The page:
In addition to knowing how to serve documents, it’s equally important for process servers to understand how to properly collect payment for their services. There are several ways that they accomplish this task, but a professional and reputable process server company will use automated payment systems to bill and invoice their clients. Most accept online payments, but this depends on both the company that you are working with and local laws that govern the payment process.

Some Unique Factors to Consider About Process Servers

As within any industry, the day-to-day workday may be different for every employee. For example, because this job requires so much travel, some process servers may decide to limit the area where they are willing to deliver paperwork within their city limits. Others may decide to only visit specific locations such as hospitals, nursing homes, schools, or businesses because these places tend to stay open 24-hours and makes it easier to find someone.

Another point to note is that sometimes there may be two process servers working together as a team, but in most instances, they will work alone.  They also need to keep track of all the dates and times that he or she serves each document. It is important to note that if you do not follow these rules, your service could become invalid. Ultimately, a process server can never be too prepared because there are so many variables involved when it comes to serving legal documents.

How Process Servers Stay Safe 

When a private process server is entering a workplace or person’s home, they never know what may be behind the other side of the door. Because the nature of their work is to deliver documents relating to a legal proceeding, it may involve conflict between two parties and can be a stressful time for the person that they are trying to serve.

At times, private process servers can take abuse and receive threats from the person that they are serving. For those reasons, they need to be sure to protect themselves and take certain steps before serving legal documents, such as:

  • Always carry identification on them. Ensure that it contains both their name and contact information.
  • Before attempting to serve any papers, they should check out the building first. Look for signs indicating whether the place is open to visitors. Also, look for security cameras on the outside of the building.
  • Be aware of their surroundings.
  • Wear a protective vest and bodycam if possible.
  • Keep records of everything that happens throughout the course of service. Write down every detail, including names, addresses, phone numbers, and license plate numbers.

Becoming a Process Server and Trends in the Job Market

There are currently more than 1 million registered process servers across the United States. The Bureau of Labor Statistics predicts job growth for this position through 2020. According to BLS data, employment opportunities within the industry are expected to grow by 17% from 2010 to 2020.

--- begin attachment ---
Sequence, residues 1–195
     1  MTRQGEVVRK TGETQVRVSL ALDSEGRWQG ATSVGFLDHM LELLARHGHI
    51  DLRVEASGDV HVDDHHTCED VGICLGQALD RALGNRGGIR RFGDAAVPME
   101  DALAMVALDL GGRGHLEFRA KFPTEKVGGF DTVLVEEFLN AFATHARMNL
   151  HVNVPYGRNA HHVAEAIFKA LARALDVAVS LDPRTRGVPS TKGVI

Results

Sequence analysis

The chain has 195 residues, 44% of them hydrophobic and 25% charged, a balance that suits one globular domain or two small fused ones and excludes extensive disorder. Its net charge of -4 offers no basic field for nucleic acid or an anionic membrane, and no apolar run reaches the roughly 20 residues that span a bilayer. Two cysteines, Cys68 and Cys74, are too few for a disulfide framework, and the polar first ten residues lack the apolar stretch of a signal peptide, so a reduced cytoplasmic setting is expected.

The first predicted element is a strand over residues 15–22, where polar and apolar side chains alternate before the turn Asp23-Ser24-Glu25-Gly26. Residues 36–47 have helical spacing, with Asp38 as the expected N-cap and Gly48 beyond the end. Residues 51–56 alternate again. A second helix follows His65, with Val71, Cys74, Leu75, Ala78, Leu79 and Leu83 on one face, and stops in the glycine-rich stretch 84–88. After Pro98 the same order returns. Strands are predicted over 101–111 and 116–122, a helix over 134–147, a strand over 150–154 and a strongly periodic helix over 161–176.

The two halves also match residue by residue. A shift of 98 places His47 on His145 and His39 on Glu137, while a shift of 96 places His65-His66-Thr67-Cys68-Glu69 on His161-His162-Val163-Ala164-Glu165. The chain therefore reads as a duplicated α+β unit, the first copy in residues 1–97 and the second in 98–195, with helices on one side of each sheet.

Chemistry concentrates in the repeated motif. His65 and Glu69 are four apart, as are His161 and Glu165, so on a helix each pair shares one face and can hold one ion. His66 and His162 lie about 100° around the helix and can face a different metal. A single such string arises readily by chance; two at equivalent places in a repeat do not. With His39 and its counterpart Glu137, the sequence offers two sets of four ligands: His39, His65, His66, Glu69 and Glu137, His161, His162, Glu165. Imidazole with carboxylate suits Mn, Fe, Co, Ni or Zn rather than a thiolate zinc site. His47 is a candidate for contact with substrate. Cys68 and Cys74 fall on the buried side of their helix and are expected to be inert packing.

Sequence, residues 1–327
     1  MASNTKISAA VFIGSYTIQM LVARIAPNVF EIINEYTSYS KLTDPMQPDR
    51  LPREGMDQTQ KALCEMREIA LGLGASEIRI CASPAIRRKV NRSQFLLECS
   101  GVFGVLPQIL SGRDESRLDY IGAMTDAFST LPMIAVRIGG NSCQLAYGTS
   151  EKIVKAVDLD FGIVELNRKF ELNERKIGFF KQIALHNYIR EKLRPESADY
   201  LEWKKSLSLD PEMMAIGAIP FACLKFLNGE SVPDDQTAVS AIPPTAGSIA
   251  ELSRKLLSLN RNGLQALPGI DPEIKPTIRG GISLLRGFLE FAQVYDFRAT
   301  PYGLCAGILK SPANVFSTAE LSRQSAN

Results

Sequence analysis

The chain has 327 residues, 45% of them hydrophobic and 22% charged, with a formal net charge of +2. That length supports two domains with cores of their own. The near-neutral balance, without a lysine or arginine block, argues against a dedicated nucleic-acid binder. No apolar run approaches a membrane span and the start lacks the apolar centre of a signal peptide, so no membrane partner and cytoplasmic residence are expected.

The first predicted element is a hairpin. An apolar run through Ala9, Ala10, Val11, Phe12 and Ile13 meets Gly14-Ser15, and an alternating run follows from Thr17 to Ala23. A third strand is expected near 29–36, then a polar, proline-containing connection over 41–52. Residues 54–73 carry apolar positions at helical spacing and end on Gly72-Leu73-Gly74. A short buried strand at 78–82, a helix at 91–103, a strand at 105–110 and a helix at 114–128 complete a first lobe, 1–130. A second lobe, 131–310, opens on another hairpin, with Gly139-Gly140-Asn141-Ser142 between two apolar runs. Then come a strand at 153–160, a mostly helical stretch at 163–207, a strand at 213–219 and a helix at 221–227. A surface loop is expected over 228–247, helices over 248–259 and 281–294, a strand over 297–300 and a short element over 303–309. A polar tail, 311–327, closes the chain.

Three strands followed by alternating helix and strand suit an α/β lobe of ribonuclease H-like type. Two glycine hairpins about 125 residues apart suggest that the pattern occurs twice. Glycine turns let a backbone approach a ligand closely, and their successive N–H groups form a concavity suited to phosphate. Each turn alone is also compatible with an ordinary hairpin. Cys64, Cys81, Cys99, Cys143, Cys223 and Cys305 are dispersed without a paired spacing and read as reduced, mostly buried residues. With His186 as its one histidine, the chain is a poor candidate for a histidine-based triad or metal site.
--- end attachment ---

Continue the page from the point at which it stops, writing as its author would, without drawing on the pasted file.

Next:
It’s important to know that becoming a process server isn’t always easy. It requires dedication, hard work, patience, perseverance, and lots of practice. However, if you put forth the effort needed to succeed, and place priority on serving your clients and serving them well, then it’s possible to create a very rewarding career in this industry.

What Skills Do You Need to Be a Process Server?

Process serving is one of the most important and challenging jobs in our society. It requires an individual who has strong communication skills, good judgment, patience, attention to detail, ability to work under pressure, and excellent organizational abilities. They must be able to follow through on all aspects of his or her job from start to finish without missing any important facts. A successful process server will have these qualities:

  • Strong interpersonal skills.
  • Ability to communicate effectively with people at all levels.
  • Strong organizational and record-keeping skills.
  • Excellent time management skills.
  • Must be detail oriented.
  • Work well under pressure.
  • Able to multi-task.
  • Knowledgeable about court procedures and laws.
  • Understand how to handle sensitive information and keep confidentiality.
  • Be able to adapt quickly to changing situations.

Process servers typically love being outdoors, dealing with people, and helping others, but it is important to keep in mind that it is physically demanding work.

Hiring a Professional Process Server

It takes a lot of work to serve legal documents, but it’s important to find a process server that enjoys what they do and wants to help their clients. If you are ever in need of registered and dedicated process servers that deliver a high level of service, then Baton Rouge is your answer! Contact us at 1-866-237-2853 or send us an email inquiry at [email protected] At Baton Rouge Process Servers , our list of services include:

  • Serving Legal Documents
  • Court Filings
  • Same-Day Legal Courier Service
  • Document Retrieval
  • Witness Locating and Skip Tracing
  • Criminal and Civil Background Checks
  • Legal and Courthouse Research
  • Court Paper “Walk-Throughs”

And that wraps up our episode for today. We hope that you’ve enjoyed listening to us talk about all things related process serving!

If there was something specific that you’d like us to chat about in a future episode, please let us know, and we would love to cover it for you. We’ll be sure to respond promptly. Thank you again for listening and, until next week, thanks for tuning into our podcast!

The foregoing podcast has simply been presented for informational purposes only. He or those at Baton Rouge Process Servers  are not attorneys. Laws and regulations vary among states and specific jurisdictions. If you seek further information about this topic or any other legal issues, please contact a legal professional in your local area.

You can also visit us at YouTube:

https://www.youtube.com/channel/UCSwgfe5XtcuruL6OsH2K0Mw